Local youth groups unite students through faith, fun and friendship

by Olivia Paladino
According to pewforum.org, one in four Americans ages 18-29 say they are not affiliated with any particular religion.
As national interest in organized religion declines, church and temple youth groups are uniting students of shared faith by providing a space for teens to both expand their religious lives and create friendships through service and social activities such as mission trips, leadership conferences, and weekly meetings.

St. Bart’s Youth Group
The goal of many youth groups is to provide a safe outlet for teens to have fun. “Teens will make new friends, hang out with old friends and have the opportunity to let off steam from the pressures facing them today while exploring their faith,” said Elaine Coupe, youth minister at St. Bartholomew the Apostle Roman Catholic Church. “It is a safe place to be who you are and forget about your stresses for a few hours with friends, and ultimately get closer to God.”
Members go on church retreats and participate in icebreaker activities to bond with each other.     Many students report that joining a youth group can be extremely rewarding in creating lifelong friendships and developing a strong religious identity.
“Youth group is a lot of fun and it brings me closer with a bunch of people who have the same belief and faith as me,” said sophomore Anthony Pares, a St. Bart’s youth group leader.
St. Bart’s youth group meets on Sunday evenings from six p.m. to-eight p.m. in the youth room at St. Bart’s, located at 2032 Westfield Avenue in Scotch Plains. Youth ministers Elaine Coupe and Paul Kobliska can be contacted through Facebook at StBart YouthGroup or by email at [email protected]
Young Life
Many students join youth groups to find people with the same religious interests. Young Life is a “non-denominational Christian ministry that reaches out to adolescents through volunteers, staff, club meetings, and camps,” according to the mission statement on its web site (www.younglife.org).
“I  like going to Young Life because it’s a great opportunity to learn about Jesus,” said junior Daniel Velasquez.
There are two weekly meetings, club and campaigner. Club meetings are held in downtown Westfield at 105 Elm Street, and campaigner meetings are held at a member’s house.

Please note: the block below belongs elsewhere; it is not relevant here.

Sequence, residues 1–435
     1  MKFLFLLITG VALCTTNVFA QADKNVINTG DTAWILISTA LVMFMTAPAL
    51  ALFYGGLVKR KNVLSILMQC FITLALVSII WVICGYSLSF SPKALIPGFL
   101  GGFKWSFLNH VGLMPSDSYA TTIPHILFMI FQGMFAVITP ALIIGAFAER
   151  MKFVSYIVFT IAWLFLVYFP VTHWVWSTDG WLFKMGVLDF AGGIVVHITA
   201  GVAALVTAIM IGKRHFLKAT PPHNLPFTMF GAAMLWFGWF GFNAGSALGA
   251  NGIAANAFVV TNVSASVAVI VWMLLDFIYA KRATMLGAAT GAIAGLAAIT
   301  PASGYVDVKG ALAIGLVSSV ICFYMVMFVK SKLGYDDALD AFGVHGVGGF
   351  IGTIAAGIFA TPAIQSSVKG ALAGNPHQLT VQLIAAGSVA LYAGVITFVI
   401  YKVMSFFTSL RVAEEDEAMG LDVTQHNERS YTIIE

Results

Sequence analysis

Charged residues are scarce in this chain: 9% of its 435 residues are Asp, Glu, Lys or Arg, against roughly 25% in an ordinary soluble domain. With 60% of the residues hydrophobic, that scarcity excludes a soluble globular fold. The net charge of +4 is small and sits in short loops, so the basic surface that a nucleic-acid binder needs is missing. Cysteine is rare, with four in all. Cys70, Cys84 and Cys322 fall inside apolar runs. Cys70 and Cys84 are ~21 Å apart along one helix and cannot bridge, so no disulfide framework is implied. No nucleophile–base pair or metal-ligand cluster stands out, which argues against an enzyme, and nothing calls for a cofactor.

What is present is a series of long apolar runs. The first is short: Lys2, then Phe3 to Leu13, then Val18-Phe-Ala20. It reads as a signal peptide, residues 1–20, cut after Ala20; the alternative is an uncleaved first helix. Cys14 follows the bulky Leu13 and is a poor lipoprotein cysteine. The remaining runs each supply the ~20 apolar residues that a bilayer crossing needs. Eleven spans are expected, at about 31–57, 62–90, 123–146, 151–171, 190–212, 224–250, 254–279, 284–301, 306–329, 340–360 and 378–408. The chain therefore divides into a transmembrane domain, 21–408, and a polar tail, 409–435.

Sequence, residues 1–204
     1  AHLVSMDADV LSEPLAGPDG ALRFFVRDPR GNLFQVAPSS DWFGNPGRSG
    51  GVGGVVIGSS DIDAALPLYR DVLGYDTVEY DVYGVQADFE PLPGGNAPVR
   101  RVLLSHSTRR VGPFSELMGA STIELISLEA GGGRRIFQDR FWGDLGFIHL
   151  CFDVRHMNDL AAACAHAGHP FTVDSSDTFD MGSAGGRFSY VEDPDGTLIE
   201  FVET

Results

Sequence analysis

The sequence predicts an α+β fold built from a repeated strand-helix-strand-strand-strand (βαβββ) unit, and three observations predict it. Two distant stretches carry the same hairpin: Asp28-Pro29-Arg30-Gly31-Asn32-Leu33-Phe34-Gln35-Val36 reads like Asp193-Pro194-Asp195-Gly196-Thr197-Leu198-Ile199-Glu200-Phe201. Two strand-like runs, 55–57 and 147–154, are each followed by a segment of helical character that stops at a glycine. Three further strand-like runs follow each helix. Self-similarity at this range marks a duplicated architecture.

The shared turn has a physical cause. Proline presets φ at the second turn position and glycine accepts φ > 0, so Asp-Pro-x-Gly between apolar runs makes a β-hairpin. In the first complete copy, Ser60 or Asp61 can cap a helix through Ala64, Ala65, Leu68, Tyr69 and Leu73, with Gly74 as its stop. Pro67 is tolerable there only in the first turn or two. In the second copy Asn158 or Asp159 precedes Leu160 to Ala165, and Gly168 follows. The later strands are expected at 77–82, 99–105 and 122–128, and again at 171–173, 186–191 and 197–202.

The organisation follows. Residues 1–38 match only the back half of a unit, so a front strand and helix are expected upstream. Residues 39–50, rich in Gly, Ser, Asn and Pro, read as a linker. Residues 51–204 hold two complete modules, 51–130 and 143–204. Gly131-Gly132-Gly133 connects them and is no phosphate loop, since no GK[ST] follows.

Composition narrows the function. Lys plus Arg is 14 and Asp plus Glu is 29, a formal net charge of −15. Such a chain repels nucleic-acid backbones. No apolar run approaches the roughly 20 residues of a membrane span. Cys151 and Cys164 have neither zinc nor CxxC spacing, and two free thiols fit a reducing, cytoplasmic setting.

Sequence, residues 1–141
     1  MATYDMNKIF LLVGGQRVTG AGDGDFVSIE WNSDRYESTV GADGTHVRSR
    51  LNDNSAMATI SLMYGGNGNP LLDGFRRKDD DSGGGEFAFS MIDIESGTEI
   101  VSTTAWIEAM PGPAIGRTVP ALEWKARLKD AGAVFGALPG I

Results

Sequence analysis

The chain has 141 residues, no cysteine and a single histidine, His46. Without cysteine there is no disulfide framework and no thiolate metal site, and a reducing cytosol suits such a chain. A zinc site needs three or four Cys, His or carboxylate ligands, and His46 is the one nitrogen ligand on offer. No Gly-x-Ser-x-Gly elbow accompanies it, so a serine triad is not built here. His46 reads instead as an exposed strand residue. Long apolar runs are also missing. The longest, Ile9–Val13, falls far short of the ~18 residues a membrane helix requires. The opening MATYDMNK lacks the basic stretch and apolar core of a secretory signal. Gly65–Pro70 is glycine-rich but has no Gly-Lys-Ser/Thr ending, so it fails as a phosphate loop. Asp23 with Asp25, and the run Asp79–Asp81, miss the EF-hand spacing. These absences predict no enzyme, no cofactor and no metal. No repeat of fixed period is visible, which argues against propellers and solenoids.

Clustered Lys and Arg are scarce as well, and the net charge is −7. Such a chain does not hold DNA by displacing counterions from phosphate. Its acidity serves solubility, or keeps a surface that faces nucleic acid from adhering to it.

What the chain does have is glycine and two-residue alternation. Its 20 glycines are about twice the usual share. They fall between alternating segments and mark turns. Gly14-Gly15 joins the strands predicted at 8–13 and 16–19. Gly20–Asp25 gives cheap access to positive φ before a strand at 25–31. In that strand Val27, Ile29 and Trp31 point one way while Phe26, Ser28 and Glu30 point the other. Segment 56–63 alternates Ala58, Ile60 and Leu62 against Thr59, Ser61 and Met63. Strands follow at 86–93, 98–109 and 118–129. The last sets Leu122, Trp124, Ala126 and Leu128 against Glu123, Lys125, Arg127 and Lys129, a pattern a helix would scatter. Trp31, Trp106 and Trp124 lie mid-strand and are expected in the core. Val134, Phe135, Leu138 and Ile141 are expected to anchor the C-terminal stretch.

All are welcome at club meetings, where members participate in activities such as relay races and dancing. The activites are based on the theme of the meeting for that week.  Members also listen to lectures on the Gospel.
At campaign meetings, members study the Bible with their peers and leaders.
“The thing I appreciate most about Young Life is that everyone can come as they are.  It’s open to everyone so you’re always making new friends, ” said junior Kyndal Scobee.
These meetings are run by Central Jersey Young Life leaders Melissa Montalvo, Peter Montalvo, Lynda Lloyd and Jim Lloyd. Area director Jim Llyod can be reached at 973-615-6881 for more information.
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B’nai B’rith Youth Organization (BBYO)
BBYO is a youth group that aims to encourage Jewish teens to develop  religious identities. Throughout its 87-year history, the group has brought leadership training, community service opportunities, and Jewish education to thousands of Jewish teens around the world. To date, there are more than 40 active members of BBYO from the high school.
Junior Tracey Katz was recently elected to the international board for BBYO, and plans to visit Bulgaria and Israel through the group this summer.
“Joining BBYO has changed my life significantly. Through spending my summers with teens from around the country and around the world,  my leadership capabilities, knowledge, and people skills have been expanded. BBYO has allowed me to become a better person,” said Katz.
The Scotch Plains chapter of BBYO is a part of the Greater Jersey Hudson River Region BBYO. The Scotch Plains branch meets twice a month at the Jewish Community Center, located at 1391 Martine Avenue in Scotch Plains. These meetings are run by the Scotch Plains chapter president Zachary Goland, a junior at the Academy for Allied Health Sciences. People interested in joining BBYO can contact junior Jillian Lindenberg via Facebook.
Youth groups are providing students with the opportunity to participate in community-service activities, learn more about their religion, and make friends to share their faith journeys.
At a time when religion is not always celebrated, youth groups aim to help students to take pride in their faith.